"The open UNIX operating systems FreeBSD and Linux
Mandrake both have integrated shell security systems. The FreeBSD
program is located in /etc/security. The Mandrake Security Package
for Linux can be found in /usr/share/msec . These standard tools
are similar in functionality, but they limit the file system
integrity control to files with SUID and SGID flags. But Mandrake
calculates MD5 file checksums differently from FreeBSD.
Usually a running program gains access to system resources
relative to the program user's rights. Setting up SGID and SUID
flags changes this so that the access rights are assigned according
to a file owner's rights. Thus, a running executable owned by root
gets unlimited access to system resources regardless of the
program's user. In this case, setting SUID and SGID flags cause
inheritance of file owner's rights and group owner's rights
respectively. Privileges are then changed (usually extended) only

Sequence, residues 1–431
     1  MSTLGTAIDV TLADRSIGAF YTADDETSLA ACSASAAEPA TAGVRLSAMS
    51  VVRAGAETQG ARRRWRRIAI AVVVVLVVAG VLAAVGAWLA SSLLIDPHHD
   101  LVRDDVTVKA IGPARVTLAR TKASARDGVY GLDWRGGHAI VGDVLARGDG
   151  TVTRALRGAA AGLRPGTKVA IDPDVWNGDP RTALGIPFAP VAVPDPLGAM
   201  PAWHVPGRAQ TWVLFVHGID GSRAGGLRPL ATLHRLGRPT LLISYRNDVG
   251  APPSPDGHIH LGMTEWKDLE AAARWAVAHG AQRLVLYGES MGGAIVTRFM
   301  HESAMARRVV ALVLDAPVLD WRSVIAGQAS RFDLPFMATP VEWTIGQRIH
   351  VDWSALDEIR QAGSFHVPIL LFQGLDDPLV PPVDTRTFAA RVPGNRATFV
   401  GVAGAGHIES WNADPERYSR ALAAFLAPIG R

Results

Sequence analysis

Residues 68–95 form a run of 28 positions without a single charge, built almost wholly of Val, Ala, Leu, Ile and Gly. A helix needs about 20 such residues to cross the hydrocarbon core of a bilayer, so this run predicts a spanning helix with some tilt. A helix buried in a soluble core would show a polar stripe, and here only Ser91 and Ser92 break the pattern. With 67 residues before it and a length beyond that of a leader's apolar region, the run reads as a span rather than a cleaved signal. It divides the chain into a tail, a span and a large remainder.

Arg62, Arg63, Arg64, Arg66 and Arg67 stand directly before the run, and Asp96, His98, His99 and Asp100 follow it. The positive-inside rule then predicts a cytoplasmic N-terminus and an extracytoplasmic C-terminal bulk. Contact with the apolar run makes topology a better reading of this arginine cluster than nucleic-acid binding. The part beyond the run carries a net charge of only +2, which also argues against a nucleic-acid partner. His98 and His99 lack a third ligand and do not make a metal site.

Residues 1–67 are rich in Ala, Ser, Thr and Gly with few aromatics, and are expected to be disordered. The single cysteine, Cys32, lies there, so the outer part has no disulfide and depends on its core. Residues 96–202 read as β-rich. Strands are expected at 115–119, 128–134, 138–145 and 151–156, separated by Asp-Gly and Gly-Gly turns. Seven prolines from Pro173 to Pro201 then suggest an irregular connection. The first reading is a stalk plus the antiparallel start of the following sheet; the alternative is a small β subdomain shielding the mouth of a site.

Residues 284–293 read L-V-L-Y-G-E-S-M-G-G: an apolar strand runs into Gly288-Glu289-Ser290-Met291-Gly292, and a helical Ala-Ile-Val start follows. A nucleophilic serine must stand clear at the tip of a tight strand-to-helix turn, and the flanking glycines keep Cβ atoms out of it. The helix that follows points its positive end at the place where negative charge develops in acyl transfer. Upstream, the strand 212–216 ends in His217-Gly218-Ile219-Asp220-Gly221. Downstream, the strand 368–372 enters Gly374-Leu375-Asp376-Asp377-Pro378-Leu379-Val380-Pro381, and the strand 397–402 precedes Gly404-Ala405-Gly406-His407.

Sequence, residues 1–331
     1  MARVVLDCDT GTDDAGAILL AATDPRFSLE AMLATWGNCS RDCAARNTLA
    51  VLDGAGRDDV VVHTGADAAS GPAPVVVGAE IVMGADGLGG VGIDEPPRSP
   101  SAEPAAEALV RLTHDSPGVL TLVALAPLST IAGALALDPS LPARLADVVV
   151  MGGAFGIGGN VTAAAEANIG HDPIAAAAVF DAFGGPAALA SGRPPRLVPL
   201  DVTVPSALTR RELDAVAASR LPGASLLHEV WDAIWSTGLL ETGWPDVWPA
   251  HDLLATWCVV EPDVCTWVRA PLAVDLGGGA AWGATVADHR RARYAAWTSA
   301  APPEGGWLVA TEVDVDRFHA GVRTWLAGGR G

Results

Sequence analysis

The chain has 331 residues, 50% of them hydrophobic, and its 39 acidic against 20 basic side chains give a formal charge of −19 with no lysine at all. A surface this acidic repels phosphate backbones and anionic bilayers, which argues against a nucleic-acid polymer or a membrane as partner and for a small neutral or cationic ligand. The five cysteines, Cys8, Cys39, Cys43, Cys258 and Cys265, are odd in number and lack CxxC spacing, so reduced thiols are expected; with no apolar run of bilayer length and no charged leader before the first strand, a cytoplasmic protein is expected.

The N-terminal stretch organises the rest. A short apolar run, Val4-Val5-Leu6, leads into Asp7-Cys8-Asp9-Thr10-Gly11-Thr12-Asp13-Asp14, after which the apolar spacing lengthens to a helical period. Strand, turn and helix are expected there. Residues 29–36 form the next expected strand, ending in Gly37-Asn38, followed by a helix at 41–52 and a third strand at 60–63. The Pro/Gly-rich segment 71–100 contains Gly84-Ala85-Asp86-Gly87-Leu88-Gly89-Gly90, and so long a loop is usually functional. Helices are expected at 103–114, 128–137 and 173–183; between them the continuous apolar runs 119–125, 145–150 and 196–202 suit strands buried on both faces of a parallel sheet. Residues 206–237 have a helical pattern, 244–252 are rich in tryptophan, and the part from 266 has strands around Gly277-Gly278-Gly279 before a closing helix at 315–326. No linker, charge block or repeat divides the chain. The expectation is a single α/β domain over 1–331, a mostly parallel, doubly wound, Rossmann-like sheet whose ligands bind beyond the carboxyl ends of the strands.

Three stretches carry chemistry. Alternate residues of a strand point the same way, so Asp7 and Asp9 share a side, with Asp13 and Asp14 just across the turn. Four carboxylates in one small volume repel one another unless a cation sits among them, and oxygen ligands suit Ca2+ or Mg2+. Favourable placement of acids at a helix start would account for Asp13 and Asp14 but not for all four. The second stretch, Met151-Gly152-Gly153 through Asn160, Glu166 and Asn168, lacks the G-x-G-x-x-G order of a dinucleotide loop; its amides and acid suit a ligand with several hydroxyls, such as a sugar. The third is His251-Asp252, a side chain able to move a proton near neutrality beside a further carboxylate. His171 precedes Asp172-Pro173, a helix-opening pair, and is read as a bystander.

for the run time and only for the program. Other processes launched
by the application also inherit its rights. Therefore, SUID and
SGID flags should be set with caution and only for those programs
that can not launch arbitrary tasks.
Tracing modifications made to new system files with SGID/SUID
flags is an extremely difficult task. But with enough experience
and caution, system services and settings can be modified without
changing standard file attributes (usually an administrator pays
attention to the dates a file was created and modified). The
following program traces changes made to all the files of a
specified directory using an integrity test based on MD5 checksum,
which prevents modifications from being masked."
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